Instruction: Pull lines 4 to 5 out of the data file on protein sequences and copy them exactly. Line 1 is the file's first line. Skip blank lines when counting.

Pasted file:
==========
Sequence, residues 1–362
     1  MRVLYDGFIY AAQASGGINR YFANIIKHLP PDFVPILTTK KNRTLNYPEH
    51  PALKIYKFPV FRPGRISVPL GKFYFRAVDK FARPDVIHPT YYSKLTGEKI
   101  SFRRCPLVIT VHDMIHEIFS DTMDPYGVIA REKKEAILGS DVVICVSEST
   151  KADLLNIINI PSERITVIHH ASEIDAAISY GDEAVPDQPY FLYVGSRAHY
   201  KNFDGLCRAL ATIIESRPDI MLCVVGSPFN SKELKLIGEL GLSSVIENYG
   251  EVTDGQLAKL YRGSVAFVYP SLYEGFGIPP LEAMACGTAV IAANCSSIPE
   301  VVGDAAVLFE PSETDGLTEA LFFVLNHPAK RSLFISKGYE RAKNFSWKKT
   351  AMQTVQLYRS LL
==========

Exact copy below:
   101  SFRRCPLVIT VHDMIHEIFS DTMDPYGVIA REKKEAILGS DVVICVSEST
   151  KADLLNIINI PSERITVIHH ASEIDAAISY GDEAVPDQPY FLYVGSRAHY